I’m the artist that followed up your “hungry artist” performance with a performance of my own, (on December 8th), using lipstick on the wall where “Comedian” once hung. As I’m sure you know, I was arrested for my efforts, which created a memorable performance, and a brand new piece of visual art for the world to contemplate.
Tomorrow, I will be arraigned in a Miami court for creating these works of art where you previously created your highly respected piece.
Sadly, there are those who have said your consumption of “Comedian” amounted to the destruction of private property worth $120,000. It has even been suggested that art of this nature is merely a front for the wealthy to hide their financial assets, and this was nothing more than a publicity stunt or hoax to artificially increase the perceived value of a work which is merely “an idea.” Of course, the Perrotin Gallery disagreed with this notion, and decided not to press charges against you. Naturally, they believed you had made a new work, and they made a statement saying that art was the idea, and so no harm was done.
Likewise, no damage was done by my performance piece and visual creation. At the time of my performance, a representative of the gallery said that they wouldn’t press charges against me. What is troubling, is that when I have reached out to Perrotin, they have ignored me.
Without the gallery, or someone like yourself speaking out on my behalf, I will be put on trial. As a result, a judge or a jury may be put in a position to legally decide what is and what isn’t art. Not only would this establish precedent for artists like ourselves in the future, it might put the Miami Beach Police in a position where they would have to open an investigation into you and the Perrotin Gallery.
The personal injustice I suffered being put in shackles, and being forced to sleep on a cold prison bunk is certainly nothing like the injustices Ai Weiwei has suffered— nor those branded as “degenerate artists” by Adolph Hitler. But, if you and the art world choose to turn your collective backs on me tomorrow, you must ask yourself what will happen to you or the next artist who is put in this position?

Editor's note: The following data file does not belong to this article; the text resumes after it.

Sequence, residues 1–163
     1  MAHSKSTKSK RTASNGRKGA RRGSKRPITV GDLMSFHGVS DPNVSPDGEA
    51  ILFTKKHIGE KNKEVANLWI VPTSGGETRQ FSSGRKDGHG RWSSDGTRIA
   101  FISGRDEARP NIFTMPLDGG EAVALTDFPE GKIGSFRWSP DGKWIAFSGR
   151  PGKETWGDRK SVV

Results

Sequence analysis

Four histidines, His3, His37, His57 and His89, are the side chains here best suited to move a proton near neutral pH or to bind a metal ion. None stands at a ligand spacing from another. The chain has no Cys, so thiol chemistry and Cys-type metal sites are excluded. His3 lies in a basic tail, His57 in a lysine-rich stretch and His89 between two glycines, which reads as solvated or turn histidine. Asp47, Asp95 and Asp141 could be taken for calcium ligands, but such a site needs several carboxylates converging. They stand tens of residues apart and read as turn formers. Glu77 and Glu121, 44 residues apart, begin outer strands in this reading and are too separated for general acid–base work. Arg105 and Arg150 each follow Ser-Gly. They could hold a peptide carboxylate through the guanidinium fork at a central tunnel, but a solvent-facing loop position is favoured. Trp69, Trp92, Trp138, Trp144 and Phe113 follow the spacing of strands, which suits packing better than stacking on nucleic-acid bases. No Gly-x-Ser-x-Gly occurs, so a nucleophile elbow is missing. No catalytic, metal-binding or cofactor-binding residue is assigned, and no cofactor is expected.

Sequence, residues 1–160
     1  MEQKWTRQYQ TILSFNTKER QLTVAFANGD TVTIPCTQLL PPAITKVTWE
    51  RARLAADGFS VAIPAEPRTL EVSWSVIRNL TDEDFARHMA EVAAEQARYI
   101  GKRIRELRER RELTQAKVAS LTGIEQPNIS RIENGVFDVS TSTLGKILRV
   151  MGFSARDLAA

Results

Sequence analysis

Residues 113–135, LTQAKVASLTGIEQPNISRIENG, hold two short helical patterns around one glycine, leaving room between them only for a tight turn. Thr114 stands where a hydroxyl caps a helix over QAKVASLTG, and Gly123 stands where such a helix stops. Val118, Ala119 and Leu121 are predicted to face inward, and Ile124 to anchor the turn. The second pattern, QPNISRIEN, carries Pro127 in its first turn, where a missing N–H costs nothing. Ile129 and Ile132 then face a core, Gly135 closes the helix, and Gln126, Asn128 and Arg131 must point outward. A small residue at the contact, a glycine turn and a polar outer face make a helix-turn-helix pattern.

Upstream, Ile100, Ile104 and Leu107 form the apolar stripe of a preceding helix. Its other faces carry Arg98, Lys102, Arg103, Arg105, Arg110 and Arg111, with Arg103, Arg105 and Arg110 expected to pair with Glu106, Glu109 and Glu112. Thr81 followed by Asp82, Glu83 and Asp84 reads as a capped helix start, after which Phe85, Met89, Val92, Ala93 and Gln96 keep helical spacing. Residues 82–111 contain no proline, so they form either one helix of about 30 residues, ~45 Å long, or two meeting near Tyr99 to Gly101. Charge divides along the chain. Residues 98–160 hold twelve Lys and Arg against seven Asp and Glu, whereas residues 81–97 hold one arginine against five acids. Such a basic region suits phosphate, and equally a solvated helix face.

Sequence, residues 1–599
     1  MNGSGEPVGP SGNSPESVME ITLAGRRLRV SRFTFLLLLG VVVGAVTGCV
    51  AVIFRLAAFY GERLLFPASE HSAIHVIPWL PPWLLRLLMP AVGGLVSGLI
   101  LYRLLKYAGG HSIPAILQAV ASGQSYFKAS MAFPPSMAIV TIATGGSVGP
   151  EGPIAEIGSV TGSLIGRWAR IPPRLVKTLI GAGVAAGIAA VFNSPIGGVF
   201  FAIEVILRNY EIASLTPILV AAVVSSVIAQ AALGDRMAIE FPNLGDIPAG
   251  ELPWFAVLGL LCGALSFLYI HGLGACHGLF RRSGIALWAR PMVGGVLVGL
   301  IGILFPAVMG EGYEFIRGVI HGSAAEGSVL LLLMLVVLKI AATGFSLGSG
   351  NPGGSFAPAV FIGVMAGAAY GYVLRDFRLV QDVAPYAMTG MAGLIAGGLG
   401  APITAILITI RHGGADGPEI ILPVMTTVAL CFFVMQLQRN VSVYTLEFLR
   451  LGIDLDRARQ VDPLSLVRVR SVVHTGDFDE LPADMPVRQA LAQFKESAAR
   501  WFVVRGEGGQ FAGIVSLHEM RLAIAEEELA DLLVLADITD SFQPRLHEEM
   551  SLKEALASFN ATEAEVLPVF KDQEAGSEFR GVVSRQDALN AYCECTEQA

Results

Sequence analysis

I expect to rack up substantial expenses traveling back and forth to court, and fighting this legal battle, will be a Sisyphusian task. But it is a battle I am willing to fight— not just for myself— but so that if Marcel Duchamp were to walk into Art Basel next year, he would not be ashamed of his legacy. Of course, I have known from the moment I was put in handcuffs that this was also a part of the performance.
So, the question becomes, what is your part now? Will you speak up, or will you hang your head?
Do you have any statement that you wish me to share with the court, or future artists of the world?
I am cc’ing Perrotin on this message.
I hope you are well.
Update: it was suggested that Art Basel itself might be responsible for the legal actions, so I reached out to them. Here’s the letter:
Hi. My name is Rod Webber. I am the artist who was arrested on Dec. 8th for contributing a work of art to the Perrotin Gallery with lipstick. I am being arraigned tomorrow for this “art crime.” I was told by Perrotin Gallery they would not press charges. I have not heard back from them or David Datuna, so I can only guess that Art Basel is behind these punitive measures. I have written a letter to David outlining why this is all nonsense, and will set legal precedent for artists in the future. Not speaking up for me will result in a judge or jury deciding what art is. I hope you will speak up. Here is a link to the letter: